Cross country skiers do not get much benefit from the gravitational force, unlike the downhill skiers. Nordic skiing also does not involve any kind of vehicle like cycling does. And if that is not enough, the cross country skiers use all their major body muscle groups to pass through both inclined and flat surfaces, unlike the runners where primarily only the lower body muscles are used.
Since professional cross-country have a super high score of VO2 max, that means that their bodies perform efficiently at transporting oxygen from the lungs to different muscle groups through the bloodstream. This extraordinarily high aerobic capacity provides the XC skiers with a high endurance level that is necessary to complete a race.
The fact remains the same, that is, a professional cross country skier outmatches the VO2 max level of all these stated sports. Let us dig more into numbers.
On average, a healthy male who does not train for any sport has a VO2 max level of 35 to 40 mL/ (kg . min) on average. For females who are healthy but do not indulge in any sort of endurance training, the VO2 max level is around 27 to 31 mL/ (kg . min). As you increase your training exercises, this VO2 max score increases, however, with your aging process, this score keeps on decreasing. For many people, VO2 max levels can increase by increasing their training, however, there could be some exceptional cases. Although oxygen uptake is more like an inherited ability, yet you can improve it by working out – no matter which gender you belong to.
Cross-Country Skiing and Other Endurance Sports
Let us compare cross-country skiing with other similar sports: As compared to high VO2 max sports that mostly use a certain region of muscles like swimming that uses primarily the upper body muscles and marathon running that mainly uses the lower body muscles where arms generally swing by freely, Nordic skiers use a combination of all the muscles. While their upper body muscles perform with poles on the flat as well as hilly surfaces, the super strong leg and hip muscles navigate the XC skiers. And since a cross country skier uses both upper as well as lower body muscles, this means that the core muscles are also engaged that indulge the abdomen and lower back muscles into some serious work.
For male Olympic swimmers, the VO2 max score is usually recorded around 70 mL/ kg/ min. For professional marathon runners that land at the top, this score is somewhere around 75 mL/ kg/ min. If you talk about professional cyclists, the VO2 max score can surpass the swimmers and runners and reach to an impressive high of 88 mL/ kg/ min.
In all these sports, women athletes are recorded to have a VO2 max around 10 points lower than their male counterparts. Though women have a smaller body structure and weigh less than the male athletes, male athletes have a higher percentage level of muscles and their testosterone helps them burn oxygen quickly.
But wait until you read about the whooping VO2 max numbers of cross country skiers. The highest VO2 max score comes from the cross country skiers where some have been tested to get as high as 96 ml/ kg/ min. Norwegian skier Bjorn Daehlie reached one of the highest scores of 96 VO2 max and amazed the world. What makes the XC skiers so fit? The fact is, cross country tournaments are one of the longest and toughest ones in Olympic where the terrain can be up to 31 miles (50 km) long, and not only that, this terrain is very steep and uneven.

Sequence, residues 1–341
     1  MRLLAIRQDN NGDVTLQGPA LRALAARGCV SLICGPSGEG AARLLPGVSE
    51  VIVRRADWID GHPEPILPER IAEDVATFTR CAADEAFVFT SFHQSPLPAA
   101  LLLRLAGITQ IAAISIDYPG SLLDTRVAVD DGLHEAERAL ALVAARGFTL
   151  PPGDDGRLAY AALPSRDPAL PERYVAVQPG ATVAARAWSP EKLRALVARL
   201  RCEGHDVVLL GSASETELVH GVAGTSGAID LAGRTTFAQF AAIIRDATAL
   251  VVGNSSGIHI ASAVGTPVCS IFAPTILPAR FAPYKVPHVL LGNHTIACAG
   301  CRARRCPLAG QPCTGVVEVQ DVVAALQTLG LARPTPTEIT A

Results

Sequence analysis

We have already established the fact that cross country skiers, like a majority of endurance athletes, have a very high VO2 max score or in other words, they possess the maximal oxygen uptake level. This makes their bodies extra efficient and the process of oxygen being taken from the lungs and provided through the bloodstream to the upper and lower body muscles as well as the core is ultra efficient as well. The VO2 max may be an important factor in high level skiers, such as Marit Bjorgen, winning so many races.
Having said that, a high VO2 max score cannot win you a race on its own. Cross-country skiers need to be able to sprint which is an anaerobic capacity where the cross country skier takes energy from its energy reserves stored in the muscles of your body. This sudden thrust of powerful anaerobic energy only lasts for a short while and the athlete’s body needs a recovery period after that.
This recovery period involves excessive breathing where the system is flooded with restorative oxygen. For clarity purposes, you can consider it as a toilet flush where all the water in the flush tank goes down the drain at a sudden burst, but then you have to wait for some time for the flush tank to refill. The same happens with the body in order to resume its energy levels. You must have seen cross country skiers lying down after crossing the finish line – their body collapses and the energy is completely drained.
Why do Cross-Country Skiers Collapse?
Cross country skiing is an amazing sport that does not only require your high VO2 max levels but also high anaerobic capacity to sprint during a cross country race in order to win.
As a cross country skier reaches the end of a race, they must push themselves and rely on their body’s anaerobic bursts, ideally with a minimal recovery time between the sprints. As a result, the body is literally starved of oxygen and due to the acid build up, the body, especially the legs and arms feel numb. The central nervous system, as a result, is unable to control the skier’s standing position and while they use their energy until the last drop, they collapse on the ground where their body quickly starts recovering and redistributing oxygen.
Exercise Intensity of Cross-Country Skiers
Aerobic and Anaerobic Balance on Uphills